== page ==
Impact of Alcohol Home Delivery and Other Methods of Obtaining Alcohol in Young Adults
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In this study, researchers sought to estimate the use of home alcohol delivery and other methods of obtaining alcohol, rates of ID checking for home alcohol delivery purchases, and associations with alcohol-related consequences. The study used surveillance data from 784 lifetime drinkers participating in the 2022 Rhode Island Young Adult Survey, a behavioral survey administered to adults ages 18–25 years. About 7.4% of the sample purchased alcohol through a home delivery or to-go purchase; 12.1% of participants who obtained alcohol this way never had their ID checked during the purchase attempt, and 10.2% of these purchases were completed by participants under the legal purchase age. Home delivery/to-go purchases were associated with high-risk drinking. Alcohol theft was associated with high-risk drinking, negative alcohol consequences, and drinking and driving. Findings showed that while home alcohol delivery and to-go purchases may provide an opportunity for underage access to alcohol—and make the case for stronger ID checking policies—their current use as a method of obtaining alcohol is rare. Findings suggest that home-based preventive interventions against alcohol theft should be considered.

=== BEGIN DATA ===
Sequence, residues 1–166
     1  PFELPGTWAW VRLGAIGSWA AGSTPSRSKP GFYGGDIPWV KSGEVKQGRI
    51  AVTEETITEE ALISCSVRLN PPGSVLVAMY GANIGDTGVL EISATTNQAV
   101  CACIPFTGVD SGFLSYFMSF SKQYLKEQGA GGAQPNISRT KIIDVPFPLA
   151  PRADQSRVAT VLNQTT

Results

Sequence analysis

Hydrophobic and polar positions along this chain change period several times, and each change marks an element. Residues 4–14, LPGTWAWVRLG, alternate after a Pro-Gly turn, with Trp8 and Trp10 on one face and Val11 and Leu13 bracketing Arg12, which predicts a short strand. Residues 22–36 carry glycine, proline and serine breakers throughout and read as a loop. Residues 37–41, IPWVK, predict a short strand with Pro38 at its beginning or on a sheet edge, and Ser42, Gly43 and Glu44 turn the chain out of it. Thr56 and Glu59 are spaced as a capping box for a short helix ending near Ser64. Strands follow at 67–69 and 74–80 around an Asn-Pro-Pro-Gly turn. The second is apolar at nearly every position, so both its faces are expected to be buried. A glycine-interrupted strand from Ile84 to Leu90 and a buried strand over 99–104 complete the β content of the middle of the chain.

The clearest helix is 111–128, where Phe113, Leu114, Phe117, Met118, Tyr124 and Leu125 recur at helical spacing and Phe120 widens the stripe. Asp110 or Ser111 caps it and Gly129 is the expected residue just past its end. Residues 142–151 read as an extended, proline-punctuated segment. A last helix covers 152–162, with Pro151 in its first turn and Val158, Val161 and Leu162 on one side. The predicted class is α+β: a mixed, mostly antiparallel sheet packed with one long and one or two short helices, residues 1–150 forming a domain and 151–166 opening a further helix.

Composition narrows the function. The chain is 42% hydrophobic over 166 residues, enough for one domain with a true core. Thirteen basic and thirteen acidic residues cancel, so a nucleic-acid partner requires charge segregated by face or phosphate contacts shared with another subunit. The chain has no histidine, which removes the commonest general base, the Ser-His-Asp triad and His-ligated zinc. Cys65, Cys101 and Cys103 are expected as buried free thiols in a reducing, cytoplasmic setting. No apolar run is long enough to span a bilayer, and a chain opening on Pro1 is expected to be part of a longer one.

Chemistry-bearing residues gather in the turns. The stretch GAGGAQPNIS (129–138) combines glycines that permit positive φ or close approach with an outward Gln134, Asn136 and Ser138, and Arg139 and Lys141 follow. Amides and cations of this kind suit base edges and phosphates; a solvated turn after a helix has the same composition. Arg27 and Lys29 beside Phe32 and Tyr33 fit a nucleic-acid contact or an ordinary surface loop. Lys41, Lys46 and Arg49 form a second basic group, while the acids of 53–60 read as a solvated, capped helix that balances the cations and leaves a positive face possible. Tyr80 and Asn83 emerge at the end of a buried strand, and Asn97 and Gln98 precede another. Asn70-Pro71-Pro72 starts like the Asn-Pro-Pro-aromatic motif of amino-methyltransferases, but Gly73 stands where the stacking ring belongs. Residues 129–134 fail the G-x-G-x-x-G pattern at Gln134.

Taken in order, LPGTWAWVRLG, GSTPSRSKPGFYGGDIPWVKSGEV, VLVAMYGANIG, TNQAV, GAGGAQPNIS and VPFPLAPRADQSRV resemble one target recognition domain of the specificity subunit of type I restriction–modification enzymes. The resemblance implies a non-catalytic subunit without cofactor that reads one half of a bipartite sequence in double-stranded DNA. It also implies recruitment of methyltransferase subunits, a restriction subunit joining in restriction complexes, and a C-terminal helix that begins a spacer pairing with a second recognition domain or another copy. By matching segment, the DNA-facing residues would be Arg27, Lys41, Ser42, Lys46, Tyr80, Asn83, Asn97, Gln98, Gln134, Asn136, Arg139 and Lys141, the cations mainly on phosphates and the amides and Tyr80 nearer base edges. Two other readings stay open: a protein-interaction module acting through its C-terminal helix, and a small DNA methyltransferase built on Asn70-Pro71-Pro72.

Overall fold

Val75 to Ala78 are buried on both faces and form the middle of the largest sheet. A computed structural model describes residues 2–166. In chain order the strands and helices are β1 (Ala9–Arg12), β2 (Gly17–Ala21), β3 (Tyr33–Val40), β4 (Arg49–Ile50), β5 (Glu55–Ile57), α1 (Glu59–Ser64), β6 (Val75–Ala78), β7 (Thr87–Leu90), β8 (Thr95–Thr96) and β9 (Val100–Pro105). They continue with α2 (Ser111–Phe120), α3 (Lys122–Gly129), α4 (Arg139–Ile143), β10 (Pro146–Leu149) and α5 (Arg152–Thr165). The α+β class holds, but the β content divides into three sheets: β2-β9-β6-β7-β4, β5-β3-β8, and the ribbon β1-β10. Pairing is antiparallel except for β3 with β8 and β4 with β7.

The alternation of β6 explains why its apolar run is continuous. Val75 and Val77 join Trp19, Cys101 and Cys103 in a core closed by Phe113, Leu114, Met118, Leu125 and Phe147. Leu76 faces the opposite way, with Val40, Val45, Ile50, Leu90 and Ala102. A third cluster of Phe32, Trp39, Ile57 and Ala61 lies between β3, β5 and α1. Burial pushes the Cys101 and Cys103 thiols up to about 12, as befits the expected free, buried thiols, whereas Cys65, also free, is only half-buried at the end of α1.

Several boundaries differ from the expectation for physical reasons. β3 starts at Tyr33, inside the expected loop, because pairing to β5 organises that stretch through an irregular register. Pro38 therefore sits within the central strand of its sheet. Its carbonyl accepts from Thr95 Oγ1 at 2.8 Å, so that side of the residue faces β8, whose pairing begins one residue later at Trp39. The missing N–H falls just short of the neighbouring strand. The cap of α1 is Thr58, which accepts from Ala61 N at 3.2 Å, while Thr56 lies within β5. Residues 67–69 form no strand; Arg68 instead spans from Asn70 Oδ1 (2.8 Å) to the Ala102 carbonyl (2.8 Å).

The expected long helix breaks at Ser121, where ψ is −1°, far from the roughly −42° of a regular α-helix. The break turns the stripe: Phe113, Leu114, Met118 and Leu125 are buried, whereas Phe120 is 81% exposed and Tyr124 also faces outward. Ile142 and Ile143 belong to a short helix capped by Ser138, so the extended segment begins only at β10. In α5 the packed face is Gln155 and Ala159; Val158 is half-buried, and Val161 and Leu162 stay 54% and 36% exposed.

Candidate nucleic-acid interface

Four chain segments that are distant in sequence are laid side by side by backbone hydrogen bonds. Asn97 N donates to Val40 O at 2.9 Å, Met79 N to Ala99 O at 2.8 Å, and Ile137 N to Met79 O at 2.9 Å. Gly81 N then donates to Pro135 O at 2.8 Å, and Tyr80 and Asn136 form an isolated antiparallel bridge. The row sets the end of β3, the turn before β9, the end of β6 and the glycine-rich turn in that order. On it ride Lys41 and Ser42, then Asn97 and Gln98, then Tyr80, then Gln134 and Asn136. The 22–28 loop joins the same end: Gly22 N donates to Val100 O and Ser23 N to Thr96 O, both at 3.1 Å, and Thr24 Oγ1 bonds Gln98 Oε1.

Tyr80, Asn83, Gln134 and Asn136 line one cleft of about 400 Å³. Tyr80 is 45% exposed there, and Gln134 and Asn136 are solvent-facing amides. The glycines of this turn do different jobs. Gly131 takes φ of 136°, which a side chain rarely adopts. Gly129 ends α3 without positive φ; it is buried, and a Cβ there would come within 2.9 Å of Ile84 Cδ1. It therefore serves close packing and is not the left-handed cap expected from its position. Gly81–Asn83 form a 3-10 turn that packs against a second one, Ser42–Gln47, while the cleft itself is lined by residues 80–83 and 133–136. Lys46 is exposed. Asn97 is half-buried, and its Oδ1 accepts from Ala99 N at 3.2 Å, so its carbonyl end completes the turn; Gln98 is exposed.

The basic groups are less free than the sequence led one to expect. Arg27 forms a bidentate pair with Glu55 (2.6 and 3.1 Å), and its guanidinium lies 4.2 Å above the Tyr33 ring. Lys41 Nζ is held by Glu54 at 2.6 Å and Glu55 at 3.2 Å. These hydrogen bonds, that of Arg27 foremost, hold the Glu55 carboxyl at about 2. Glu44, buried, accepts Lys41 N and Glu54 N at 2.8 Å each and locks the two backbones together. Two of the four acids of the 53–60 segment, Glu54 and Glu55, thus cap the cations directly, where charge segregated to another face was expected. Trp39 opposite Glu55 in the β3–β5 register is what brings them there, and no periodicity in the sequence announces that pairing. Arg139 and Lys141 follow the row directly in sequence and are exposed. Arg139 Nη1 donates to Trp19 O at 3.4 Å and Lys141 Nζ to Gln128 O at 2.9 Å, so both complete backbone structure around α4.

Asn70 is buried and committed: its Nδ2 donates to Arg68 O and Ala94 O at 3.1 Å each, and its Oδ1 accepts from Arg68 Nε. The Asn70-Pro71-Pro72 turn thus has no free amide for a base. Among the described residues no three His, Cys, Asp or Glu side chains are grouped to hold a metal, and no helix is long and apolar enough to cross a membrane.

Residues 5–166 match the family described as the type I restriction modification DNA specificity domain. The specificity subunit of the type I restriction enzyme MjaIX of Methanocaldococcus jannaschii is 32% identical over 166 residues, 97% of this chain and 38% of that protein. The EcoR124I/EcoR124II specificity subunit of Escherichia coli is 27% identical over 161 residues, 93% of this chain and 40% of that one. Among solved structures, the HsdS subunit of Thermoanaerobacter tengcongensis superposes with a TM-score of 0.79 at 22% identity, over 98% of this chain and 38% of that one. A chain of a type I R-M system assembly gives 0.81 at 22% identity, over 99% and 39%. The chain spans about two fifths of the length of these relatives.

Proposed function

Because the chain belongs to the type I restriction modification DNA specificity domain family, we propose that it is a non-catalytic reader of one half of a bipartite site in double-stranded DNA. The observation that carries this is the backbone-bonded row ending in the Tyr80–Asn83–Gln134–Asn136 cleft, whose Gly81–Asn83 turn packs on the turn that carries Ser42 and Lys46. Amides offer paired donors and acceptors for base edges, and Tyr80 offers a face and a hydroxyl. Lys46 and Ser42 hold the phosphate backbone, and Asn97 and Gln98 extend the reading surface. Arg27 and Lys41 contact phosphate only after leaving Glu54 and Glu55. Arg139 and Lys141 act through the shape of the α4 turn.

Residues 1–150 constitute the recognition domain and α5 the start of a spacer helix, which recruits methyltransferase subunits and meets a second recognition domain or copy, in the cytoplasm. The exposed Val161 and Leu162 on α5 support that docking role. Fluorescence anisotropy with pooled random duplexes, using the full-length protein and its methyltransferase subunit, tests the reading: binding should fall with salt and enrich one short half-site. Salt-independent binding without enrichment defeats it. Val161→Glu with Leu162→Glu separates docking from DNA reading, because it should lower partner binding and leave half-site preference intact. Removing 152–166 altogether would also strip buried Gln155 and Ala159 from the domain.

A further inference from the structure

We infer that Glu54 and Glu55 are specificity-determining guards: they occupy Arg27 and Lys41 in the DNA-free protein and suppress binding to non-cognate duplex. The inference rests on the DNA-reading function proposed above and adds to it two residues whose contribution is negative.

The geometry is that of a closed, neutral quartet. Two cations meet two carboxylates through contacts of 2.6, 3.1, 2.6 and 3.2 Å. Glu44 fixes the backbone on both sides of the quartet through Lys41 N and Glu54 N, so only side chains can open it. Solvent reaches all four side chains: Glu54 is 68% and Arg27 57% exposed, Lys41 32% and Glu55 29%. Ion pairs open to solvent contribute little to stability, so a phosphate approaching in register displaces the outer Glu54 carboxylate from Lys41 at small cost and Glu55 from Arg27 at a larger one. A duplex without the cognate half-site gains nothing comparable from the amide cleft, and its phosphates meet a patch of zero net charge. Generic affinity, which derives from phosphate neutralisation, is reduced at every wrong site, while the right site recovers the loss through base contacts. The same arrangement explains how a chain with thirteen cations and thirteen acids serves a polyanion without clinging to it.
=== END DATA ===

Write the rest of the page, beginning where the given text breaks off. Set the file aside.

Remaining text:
This paper, “Impact of alcohol home delivery and other methods of obtaining alcohol in young adults,” was funded by SAMHSA and published in the journal Alcohol and alcoholism.